Scott Billingsley, Professor of History at University of North Carolina at Pembroke

Thanks also to Bob Cornwall for this generous review!

Sunday, September 21, 2014

6 Shows You Aren't Watching, but Should Be (unless you have a paper due for my class, in which case, get to work!)

Looking to procrastinate this semester (who isn't)? I'm a fan of many critically-acclaimed t.v. hits, but  I also like to find more obscure shows. Here are some I'll be watching this season before the grading season picks up....

Newbies (reviews to follow!): 
The Flash - It took awhile for me to warm up to Arrow, but last season made me a believer... mostly because of awesome fangirl proxy character Felicity Smoak. Something tells me this Arrow spin-off The Flash will be a lot of fun right from the beginning. It seems to have Smallville's cheeriness paired with a little bit of snark, and a charming leading man.
Network: CW
Premier Date: October 7

Gotham - I worry that a superhero show on any major network will be doomed for a couple of reasons. One being that niche-y shows like these don't tend to bring in big ratings. The other being that major networks aren't the most risky or creative story-tellers on the planet. But, my t.v. crush Donal Logue (of the criminally underrated Terriers) is in this show and that's reason enough to give it a try. Add to that the broody, noir tone and the fact that future Batman is in the mix, I am in.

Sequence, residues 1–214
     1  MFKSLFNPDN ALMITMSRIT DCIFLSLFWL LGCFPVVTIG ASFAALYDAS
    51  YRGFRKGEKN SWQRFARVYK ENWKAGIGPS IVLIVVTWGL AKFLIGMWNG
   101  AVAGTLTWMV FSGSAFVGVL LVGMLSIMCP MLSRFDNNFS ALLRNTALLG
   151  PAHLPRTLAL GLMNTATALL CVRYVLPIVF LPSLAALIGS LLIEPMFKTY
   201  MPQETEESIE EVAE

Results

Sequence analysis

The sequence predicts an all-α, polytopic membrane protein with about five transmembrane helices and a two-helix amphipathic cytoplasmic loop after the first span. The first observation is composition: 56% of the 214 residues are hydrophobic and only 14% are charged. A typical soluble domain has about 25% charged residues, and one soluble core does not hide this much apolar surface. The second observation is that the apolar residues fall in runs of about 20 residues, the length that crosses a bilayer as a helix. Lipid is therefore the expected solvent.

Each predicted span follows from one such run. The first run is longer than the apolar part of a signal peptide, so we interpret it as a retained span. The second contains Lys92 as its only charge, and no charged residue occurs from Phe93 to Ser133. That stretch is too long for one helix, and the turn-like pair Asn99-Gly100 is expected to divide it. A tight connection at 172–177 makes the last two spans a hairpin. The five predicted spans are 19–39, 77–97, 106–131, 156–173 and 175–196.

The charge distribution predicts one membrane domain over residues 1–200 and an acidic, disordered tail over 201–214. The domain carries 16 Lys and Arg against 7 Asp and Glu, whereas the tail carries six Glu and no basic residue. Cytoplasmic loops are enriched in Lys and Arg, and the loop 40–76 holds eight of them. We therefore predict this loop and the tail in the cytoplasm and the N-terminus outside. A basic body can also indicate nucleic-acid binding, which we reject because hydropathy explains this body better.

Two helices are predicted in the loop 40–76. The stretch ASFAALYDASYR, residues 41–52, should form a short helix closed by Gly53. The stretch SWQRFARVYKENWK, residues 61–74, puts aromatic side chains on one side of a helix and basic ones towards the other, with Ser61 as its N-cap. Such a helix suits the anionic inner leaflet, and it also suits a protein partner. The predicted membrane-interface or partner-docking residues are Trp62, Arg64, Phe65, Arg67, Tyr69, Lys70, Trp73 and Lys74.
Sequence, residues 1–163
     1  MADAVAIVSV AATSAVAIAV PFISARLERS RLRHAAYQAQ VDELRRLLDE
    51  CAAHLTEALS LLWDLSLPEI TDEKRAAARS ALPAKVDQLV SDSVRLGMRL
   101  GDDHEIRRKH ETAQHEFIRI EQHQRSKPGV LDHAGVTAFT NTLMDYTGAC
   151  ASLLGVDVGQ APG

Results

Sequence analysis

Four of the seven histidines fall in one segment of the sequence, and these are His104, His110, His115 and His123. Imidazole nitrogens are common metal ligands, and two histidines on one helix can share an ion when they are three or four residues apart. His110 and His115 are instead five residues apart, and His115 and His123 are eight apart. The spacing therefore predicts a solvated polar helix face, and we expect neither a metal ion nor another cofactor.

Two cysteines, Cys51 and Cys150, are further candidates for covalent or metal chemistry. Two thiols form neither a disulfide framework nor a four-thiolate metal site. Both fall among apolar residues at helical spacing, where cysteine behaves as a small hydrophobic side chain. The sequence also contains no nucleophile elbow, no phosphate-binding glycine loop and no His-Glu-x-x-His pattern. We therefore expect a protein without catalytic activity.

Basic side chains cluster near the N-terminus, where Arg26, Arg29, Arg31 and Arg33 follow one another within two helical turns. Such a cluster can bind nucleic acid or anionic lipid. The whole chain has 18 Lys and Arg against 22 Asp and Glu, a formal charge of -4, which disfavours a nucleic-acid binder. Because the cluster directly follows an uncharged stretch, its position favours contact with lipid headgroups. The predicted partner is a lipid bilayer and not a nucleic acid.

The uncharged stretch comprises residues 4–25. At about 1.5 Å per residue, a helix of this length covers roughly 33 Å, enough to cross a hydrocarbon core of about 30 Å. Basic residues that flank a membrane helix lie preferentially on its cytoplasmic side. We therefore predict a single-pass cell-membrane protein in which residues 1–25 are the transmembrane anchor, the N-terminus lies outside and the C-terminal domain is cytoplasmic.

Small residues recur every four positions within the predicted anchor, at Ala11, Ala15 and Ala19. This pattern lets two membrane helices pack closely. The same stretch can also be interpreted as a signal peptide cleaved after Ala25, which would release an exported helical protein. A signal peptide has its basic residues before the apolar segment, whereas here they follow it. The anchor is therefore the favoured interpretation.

Network: Fox
Premiere Date: September 22

iZombie - I am a huge fan of Rob Thomas (writer and television creator, not 90s rock star) and even though the zombie genre seems worn out (and how can you beat The Walking Dead?), I am looking forward to trying it. It looks like it has all of the best Rob Thomas elements: smart female lead, murder mystery, and plenty of sarcasm. Add to that a little horror twist and what's not to like?
Network: CW
Premiere Date: Not until 2015!!!

Returning Faves:
The 100 - On the surface, this is a silly CW show with improbably good-looking refugees from a post-nuclear apocalypse future, but underneath the models-turned-actors is a thoughtful and many times genuinely thrilling sci-fi drama. It's part Lord of the Flies, part Battlestar Galactica. I can't wait to see the leadership styles of Clarke and Bellamy clash in future episodes!

Supernatural - Even 10 seasons in, this show still has legs. It combines horror, humor, and warmth with fun meta-narratives, terrific chemistry between the leads, and classic rock. It also periodically asks the "big questions" about God, destiny/fate, choice, and family. I'm a true believer who's hoping for another decade!

Miss Marple - I enjoy pretty much any British import Masterpiece Mystery brings to us Yanks, but I have a special place in my heart for Agatha Christie's Miss Marple mysteries. I love her mild-mannered-yet-sharp-as-a-tack persona. Why can't other shows feature a brilliant female lead whose personal life is intact and is still interesting? Why do most shows insist on competent professional women who are disasters at home? Miss Marple needs to straighten those t.v. execs out.

Happy Procrastinating, Friends. Now let's get back to the grindstone, shall we?